This is an excerpt from the trip to Berlin, Md. in 2nd edition of Eastern Shore Road Trips #1: 27 One-Day Adventures on Delmarva. This section wasn’t in the first edition, alas, as I learned about it after the book came out. But I couldn’t resist adding it when updating that 2016 book for the 2020s.
The most famous Berlin resident of them all was a transplant, not a native. That would be Man o’ War, who earned the title of “greatest horse who ever lived” by winning 20 of 21 races in the early 1920s and then siring offspring who in turn won an incredible 124 more stakes races. (One of those offspring was the Triple Crown winner War Admiral—yes, the one who so famously raced against Seabiscuit in 1938.)
The man who brought Man o’ War to Berlin was Sam Riddle, a Philadelphian who turned his attention to horses after making a fortune in textiles. He had gotten to know the Berlin area by way of fox-hunting trips and decided it was the perfect spot for a world-class horse farm. Man o’ War spent his racing years on Glen Riddle Farm about three miles outside of town. Under Riddle’s care, the spread grew to 500 luxurious acres with a 15-room mansion chock full of priceless antiques.
It’s hard to fathom just how big a deal Man o’ War was during his racing days. Every time he set hooves on track, attendance records were broken. Riddle had to hire armed guards to protect him from souvenir hunters determined to pluck out bits of his hair. Man o’ War set one track record that lasted an astonishing 42 years. Riddle declined an offer to buy him for $1 million, and that offer came in 35 years before any horse actually fetched a seven-figure price. Man o’ War’s funeral was broadcast nationally on the radio.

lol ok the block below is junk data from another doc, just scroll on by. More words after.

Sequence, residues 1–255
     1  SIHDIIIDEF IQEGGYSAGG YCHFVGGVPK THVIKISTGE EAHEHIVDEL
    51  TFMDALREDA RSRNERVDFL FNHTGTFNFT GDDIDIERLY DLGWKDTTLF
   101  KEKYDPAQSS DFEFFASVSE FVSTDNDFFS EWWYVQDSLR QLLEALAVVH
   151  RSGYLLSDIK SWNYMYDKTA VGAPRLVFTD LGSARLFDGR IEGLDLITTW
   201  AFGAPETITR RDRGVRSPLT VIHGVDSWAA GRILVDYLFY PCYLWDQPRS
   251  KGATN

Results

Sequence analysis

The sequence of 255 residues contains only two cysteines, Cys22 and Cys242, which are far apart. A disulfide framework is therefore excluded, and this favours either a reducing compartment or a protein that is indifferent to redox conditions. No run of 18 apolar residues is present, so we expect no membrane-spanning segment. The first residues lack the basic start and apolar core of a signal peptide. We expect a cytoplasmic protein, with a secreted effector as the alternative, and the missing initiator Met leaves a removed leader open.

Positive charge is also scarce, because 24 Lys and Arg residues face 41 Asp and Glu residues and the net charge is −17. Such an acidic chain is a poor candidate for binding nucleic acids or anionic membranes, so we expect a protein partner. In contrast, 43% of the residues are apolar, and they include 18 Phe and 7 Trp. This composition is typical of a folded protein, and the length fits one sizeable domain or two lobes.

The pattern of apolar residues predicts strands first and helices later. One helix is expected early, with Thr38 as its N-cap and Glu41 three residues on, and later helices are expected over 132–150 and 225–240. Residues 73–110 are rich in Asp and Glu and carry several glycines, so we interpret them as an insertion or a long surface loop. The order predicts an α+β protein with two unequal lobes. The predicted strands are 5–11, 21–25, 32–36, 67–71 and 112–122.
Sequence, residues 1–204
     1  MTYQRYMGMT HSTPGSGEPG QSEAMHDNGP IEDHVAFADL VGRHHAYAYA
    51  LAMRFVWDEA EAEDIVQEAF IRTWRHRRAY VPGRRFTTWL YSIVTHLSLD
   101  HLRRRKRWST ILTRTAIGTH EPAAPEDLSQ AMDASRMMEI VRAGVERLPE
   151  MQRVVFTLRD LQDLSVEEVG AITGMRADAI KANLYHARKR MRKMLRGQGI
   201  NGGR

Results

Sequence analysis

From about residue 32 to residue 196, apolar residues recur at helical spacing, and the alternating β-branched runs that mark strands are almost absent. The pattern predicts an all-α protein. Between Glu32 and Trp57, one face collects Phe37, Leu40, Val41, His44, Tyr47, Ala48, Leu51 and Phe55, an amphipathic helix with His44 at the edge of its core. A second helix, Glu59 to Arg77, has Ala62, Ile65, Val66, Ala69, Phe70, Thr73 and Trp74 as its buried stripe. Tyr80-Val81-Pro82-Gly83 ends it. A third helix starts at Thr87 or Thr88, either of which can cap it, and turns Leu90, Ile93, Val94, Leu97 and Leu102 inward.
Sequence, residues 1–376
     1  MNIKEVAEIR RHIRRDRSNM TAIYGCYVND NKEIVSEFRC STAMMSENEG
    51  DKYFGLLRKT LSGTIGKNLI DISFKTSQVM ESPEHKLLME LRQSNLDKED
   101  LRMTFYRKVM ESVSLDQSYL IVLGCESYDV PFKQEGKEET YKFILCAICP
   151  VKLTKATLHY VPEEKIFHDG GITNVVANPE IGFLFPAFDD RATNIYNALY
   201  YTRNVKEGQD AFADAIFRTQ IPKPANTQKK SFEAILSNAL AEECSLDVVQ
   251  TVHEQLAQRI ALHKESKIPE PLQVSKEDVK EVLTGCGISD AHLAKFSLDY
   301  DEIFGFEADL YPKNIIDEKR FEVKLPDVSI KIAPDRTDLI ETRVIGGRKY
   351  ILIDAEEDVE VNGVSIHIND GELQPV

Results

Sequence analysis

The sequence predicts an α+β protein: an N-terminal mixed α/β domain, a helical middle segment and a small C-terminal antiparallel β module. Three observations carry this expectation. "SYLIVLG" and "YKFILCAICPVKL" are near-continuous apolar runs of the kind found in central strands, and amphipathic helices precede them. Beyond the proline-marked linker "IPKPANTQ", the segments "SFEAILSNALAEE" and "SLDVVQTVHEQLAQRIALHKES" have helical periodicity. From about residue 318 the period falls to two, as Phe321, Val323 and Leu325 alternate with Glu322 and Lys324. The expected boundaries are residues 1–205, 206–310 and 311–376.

The Riddle family kept on raising horses on Glen Riddle farm after Sam died in 1951. Alas, the mansion burned in 1969, and the farm fell into disarray after that. The acreage is mostly a housing development now, but you can commune with Man o’ War in the clubhouse and restaurant at the Glen Riddle Golf Club—it occupies a refurbished and expanded version of the building that used to house the main stable on the farm. There is lots of Man o’ War art and memorabilia on display.
You can delve a little deeper into this and other bits and pieces of local history by heading a few blocks outside of downtown along North Main Street to the Calvin B. Taylor Museum, which occupies a family home that dates to 1832. A community group, the Berlin Heritage Foundation, rescued it from the wrecking ball in the early 1980s.
–posted by Jim Duffy on Oct. 3, 2020. Excerpted from Eastern Shore Road Trips #1: 27 One-Day Adventures on Delmarva. All rights reserved.
NOTE #1: If you would like to spend 25 minutes listening to the national live radio broadcast of Man o’ War’s funeral–well, here you go.
NOTE#2: Man o’ War ventured up to Baltimore to run in the 1920 Preakness Stakes. Here is an excerpt from one account of that race by racing writer Tom Hall:
“Racegoers crowded every conceivable space on a cool spring afternoon to catch a glimpse of a big red machine grinding toward legendary status.
“From the springing of the starting barrier, it was all Man o’ War. In a matter of just a few strides, he separated himself from the field and was playing fox to the hounds chasing him. With measure rhythm of breath and stride, he led the field on a merry chase to post a toying 1 1/2-length victory over Upset, who had five lengths on Wildair. King Thrush was another five lengths behind in fourth.”